197. The Somapas those of the Brahmanas, the Havirbhugs those

of the Kshatriyas, the Agyapas those of the Vaisyas, but the
Sukalins those of the Sudras.

198. The Somapas are the sons of Kavi (Bhrigu), the Havishmats
the children of Angiras, the Agyapas the offspring of Pulastya, but
the Sukalins (the issue) of Vasishtha.
199. One should know that (other classes), the Agnidagdhas, the
Anagnidagdhas, the Kavyas, the Barhishads, the Agnishvattas,
and the Saumyas, are (the manes) of the Brahmanas alone.

200. But know also that there exist in this (world) countless sons
and grandsons of those chief classes of manes which have been

201. From the sages sprang the manes, from the manes the gods
and the Danavas, but from the gods the whole world, both the
movable and the immovable in due order.

202. Even water offered with faith (to the manes) in vessels made
of silver or adorned with silver, produces endless (bliss).

203. For twice-born men the rite in honour of the manes is more
important than the rite in honour of the gods; for the offering to
the gods which precedes (the Sraddhas), has been declared to be
a means of fortifying (the latter).

204. Let him first invite a (Brahmana) in honour of the gods as a

protection for the (offering to the manes); for the Rakshasas
destroy a funeral sacrifice which is left without such a protection.

205. Let him make (the Sraddha) begin and end with (a rite) in
honour of the gods; it shall not begin and end with a (rite) to the
manes; for he who makes it begin and end with a (rite) in honour
of the manes, soon perishes together with his progeny.

Sufficient inputs for deciding (or getting confused with)

the meaning of the term agniṣvāttāḥ, I think!!

Now we come to the mantra recited fir giving the first

oblation to the rudras (grandfathers). This is also from the
vājasaneyi saṃhitā, not from the ṛgveda.

ऊजरम् वहनतीरमृतम् घृतम् पयः कीलालं पिरसुतम् ।

सवधासथ तपरयत मे िपतॄन् ॥ वाज. सं. २.३४
ஊ ர ்ஜம ் வஹந த
் ீர ம ர் த
ு ம ் க ர் த ு ம்|
ு ம ் பய ஃ க ீலா லம ் பரிஸர் த
ஸவதாஸத தரபயத ோம பிதரந || வாஜ. ஸம. ௨.௩௪

ūrjam vahantīramṛtam ghṛtam payaḥ kīlālaṃ parisrutam |

svadhāstha tarpayata me pitṝn || vāja. saṃ. 2.34
ऊजरः - strong, powerful, eminent, vigorous
वह - to carry, transport, convey
पिर - round, around, about, fully, abundantly, richly
पिरसुत् - a kind of intoxicating liquor prepared from herbs;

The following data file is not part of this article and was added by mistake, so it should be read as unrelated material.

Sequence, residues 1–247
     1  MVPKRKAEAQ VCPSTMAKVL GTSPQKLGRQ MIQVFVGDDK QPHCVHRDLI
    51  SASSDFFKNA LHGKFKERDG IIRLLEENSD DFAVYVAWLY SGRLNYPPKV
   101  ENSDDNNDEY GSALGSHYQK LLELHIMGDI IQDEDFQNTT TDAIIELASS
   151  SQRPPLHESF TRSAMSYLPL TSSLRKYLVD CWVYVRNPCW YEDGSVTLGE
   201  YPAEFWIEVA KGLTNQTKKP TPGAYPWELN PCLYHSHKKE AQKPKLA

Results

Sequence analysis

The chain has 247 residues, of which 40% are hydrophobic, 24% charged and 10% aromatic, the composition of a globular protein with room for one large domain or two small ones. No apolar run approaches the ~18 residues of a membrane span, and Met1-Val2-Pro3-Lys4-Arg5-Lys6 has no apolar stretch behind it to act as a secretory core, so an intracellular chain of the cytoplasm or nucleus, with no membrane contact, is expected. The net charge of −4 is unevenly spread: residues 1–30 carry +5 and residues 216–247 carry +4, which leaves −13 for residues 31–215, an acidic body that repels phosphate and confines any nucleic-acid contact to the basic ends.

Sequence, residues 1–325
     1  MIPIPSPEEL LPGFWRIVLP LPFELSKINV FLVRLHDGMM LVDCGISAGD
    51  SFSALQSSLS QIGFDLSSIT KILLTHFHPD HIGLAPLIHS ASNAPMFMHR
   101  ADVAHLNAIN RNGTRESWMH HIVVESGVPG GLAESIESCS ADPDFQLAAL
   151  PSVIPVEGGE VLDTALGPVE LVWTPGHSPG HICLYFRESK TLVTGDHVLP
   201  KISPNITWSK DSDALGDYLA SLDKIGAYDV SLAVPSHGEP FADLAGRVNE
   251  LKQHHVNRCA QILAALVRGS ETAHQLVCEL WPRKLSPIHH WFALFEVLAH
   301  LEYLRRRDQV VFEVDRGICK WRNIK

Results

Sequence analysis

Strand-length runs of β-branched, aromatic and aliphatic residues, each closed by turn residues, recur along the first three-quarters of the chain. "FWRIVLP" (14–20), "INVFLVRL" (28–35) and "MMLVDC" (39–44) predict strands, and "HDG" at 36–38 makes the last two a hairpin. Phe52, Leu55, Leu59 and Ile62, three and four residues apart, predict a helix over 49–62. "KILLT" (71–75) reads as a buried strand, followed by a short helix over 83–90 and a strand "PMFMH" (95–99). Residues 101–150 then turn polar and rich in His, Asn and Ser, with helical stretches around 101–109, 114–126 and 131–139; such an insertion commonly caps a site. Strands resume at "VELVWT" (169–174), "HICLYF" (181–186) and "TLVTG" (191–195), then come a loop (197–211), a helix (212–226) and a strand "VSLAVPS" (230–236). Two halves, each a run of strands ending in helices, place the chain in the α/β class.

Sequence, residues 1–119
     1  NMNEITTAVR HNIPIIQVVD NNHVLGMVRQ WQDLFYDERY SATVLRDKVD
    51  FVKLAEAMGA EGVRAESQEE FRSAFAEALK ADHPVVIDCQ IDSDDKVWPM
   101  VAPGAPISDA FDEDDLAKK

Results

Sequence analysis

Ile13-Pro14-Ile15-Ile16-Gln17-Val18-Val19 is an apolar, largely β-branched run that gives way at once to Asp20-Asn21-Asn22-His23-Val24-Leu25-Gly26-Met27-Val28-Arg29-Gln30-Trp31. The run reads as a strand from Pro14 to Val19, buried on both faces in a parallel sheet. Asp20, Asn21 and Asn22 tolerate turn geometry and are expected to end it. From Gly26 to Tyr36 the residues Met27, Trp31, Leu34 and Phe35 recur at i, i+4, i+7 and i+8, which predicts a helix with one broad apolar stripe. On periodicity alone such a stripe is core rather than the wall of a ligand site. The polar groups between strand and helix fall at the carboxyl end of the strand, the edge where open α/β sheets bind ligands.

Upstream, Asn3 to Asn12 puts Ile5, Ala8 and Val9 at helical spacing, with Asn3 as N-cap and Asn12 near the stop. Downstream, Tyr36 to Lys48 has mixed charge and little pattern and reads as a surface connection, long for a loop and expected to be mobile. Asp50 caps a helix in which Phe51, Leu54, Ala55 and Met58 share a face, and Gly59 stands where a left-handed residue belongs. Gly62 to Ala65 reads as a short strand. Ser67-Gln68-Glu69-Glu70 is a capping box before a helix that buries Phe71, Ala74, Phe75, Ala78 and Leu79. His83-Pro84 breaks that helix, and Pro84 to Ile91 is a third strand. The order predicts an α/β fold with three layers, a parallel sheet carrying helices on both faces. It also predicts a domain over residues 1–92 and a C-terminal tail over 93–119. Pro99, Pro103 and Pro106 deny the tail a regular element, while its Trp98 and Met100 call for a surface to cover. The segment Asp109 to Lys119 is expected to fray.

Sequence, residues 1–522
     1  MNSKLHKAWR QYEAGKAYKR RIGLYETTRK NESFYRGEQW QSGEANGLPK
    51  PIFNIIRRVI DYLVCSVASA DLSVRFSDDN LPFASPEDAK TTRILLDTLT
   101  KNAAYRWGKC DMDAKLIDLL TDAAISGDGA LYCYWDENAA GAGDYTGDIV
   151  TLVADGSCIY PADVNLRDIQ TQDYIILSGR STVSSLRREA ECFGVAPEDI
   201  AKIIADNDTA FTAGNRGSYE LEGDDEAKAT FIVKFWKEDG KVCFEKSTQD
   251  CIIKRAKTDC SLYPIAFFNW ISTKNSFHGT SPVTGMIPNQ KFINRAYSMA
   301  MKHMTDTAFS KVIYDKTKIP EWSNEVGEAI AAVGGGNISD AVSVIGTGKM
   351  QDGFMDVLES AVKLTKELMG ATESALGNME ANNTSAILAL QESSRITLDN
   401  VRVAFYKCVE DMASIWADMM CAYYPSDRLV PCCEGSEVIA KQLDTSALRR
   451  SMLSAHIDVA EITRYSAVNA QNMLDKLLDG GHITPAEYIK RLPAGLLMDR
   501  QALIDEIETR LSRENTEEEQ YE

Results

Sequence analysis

flowing around or over, foaming, fermenting
कीलाल - water, a sweet beverage, also a heavenly drink
similar to amrita, the food of the gods, (VS)blood, flesh
सथ - standing, staying, abiding, being situated in
सवधािवन् - containing refreshment, owning svadha

May (this offering of) nectar, ghee, milk (water) (and)

kīlālam* and parisrut convey strength, power, vigour, to
my pitṝs who are abiding (situated in) svadhā, and satisfy

* The word "kīlālam" has several meanings as shown

above. But, in the earliest usages, it reportedly meant
only a sweet beverage prepared from herbs, the details
of which are probably not known now.

The second mantra for the grandfathers

(pitāmahās) :
िपतृभयः सवधािवभयः सवधा नमः ।
िपतामहॆभयः सवधािवभयः सवधा नमः ।
पिपतामहेभयः सवधािवभयः सवधा नमः । वाज. सं. १९.३६

பிதரபயஃ ஸவதாவிபயஃ ஸவதா நமஃ |

பிதாமெஹபயஃ ஸவதாவிபயஃ ஸவதா நமஃ |
பரபிதாமோஹபயஃ ஸவதாவிபயஃ ஸவதா நமஃ | வாஜ. ஸம. ௧௯.௩௬
pitṛbhyaḥ svadhāvibhyaḥ svadhā namaḥ |
pitāmahebhyaḥ svadhāvibhyaḥ svadhā namaḥ |
prapitāmahebhyaḥ svadhāvibhyaḥ svadhā namaḥ | vāja.
saṃ. 19.36

This originally is from the vājasaneyi saṃhitā; but there

the word “svadhāyibhyaḥ” is used in the place of
“svadhāvibhya:”, the latter being found in the āpastamba
śrauta sūtra. This is what is adopted now for the tarpaṇa

pitṛbhyaḥ = to the pitṛs

svadhāvin (svadhāyin) = containing refreshment (owning
the svadhā)
svadhāvibhyaḥ = owning the svadhā
svadhā namaḥ = prostration, svadhā
pitāmahebhyaḥ = to the grandfathers
prapitāmahebhyaḥ =to the great grandfathers

Prostrations unto the fathers who own (are abiding in)

svadhā, svadhā;
Prostrations unto the grandfathers who own (are abiding
in) svadhā, svadhā;
Prostrations unto the great grandfathers who own (are
abiding in) svadhā, svadhā.

Note :

Here the last "svadhā" is a mandatory utterance of the

name of svadhā which alone will convey (transport) the
offerings to the pitṝs according to the smṛtis.
The third mantra for the tarpaṇa for pitāmahās is
as under:

यॆ चॆह िपतरो येच नॆह याश िवद या उ च न पिवद ।

अगने तान् वेतथ यिद ते जातवेदसतया पतँ ँँ
ँसवधया मदनतु ॥ आप . गृ. ८.२१.३

ெய ோசஹ பிதோரா ோயச ோநஹ யாமஸச விதம யாம உ ச ந

பரவிதம |
அக்ோன தான் ோவத்த யதி ோத ஜாதோவதஸ்தயா ப்ரத்தँँம
ஸவதயா மதநத || ஆப. கிரஹ. ௮.௨௧.௩

ye ceha pitaro yeca neha yām̐śca vidma yām̐ u ca na

pravidma |
agne tān vettha yadi te jātavedastayā prattam̐ m̐
svadhayā madantu || āpa. gṛ. 8.21.3

This is ṛgveda with slight change, adapted into the

āpastamba gṛhyasūtra. In both the the ṛgveda and
vājasaneyi samhitā versions, the second line is different
as shown below :

तवं वॆतथयित तॆ जातवॆदससवधािभयरजं सुकृतं जुषसव । ऋ. वॆ. १०.१५.१३

தவம ோவததயதி ெத ஜாதெவதஸஸவதாபிரயகஞம

ஸுகரதம ஜுஷஸவ | ர. ோவ. ௧0.௧௫.௧௩

tvaṃ vetthayati te jātavedassvadhābhiryajñaṃ sukṛtaṃ

juṣasva | ṛ. ve. 10.15.13
[The ṛṣiḥ chanda: & devatā for this mantra are śaṅkhaḥ
yāmāyanaḥ, triṣṭup and pitaraḥ respectively. (ऋिषः, छनद:,
देवता - शङः यामायनः, ितषुप् , िपतरः)]

तवं वॆतथयित तॆ जातवॆदँ सवधािभयरजँ सुकृतम् जुषसव । वाज. सं. १९.६७

த்வம் ோவத்தயதி ெத ஜாதெவதம் ஸ்வதாபிர்யக்ஞம் ஸுக்ருதம்
ஜுஷஸ்வ | வாஜ. ஸம். ௧௯.௬௭

tvaṃ vetthayati te jātavedam̐ svadhābhiryajñam̐ sukṛtam

juṣasva | vāja. saṃ. 19.67

I feel this difference (whether intentional or because of

error made by scribes when writing the palm leaf
manuscripts) makes a significant change in the "import of
this mantra" as explained below: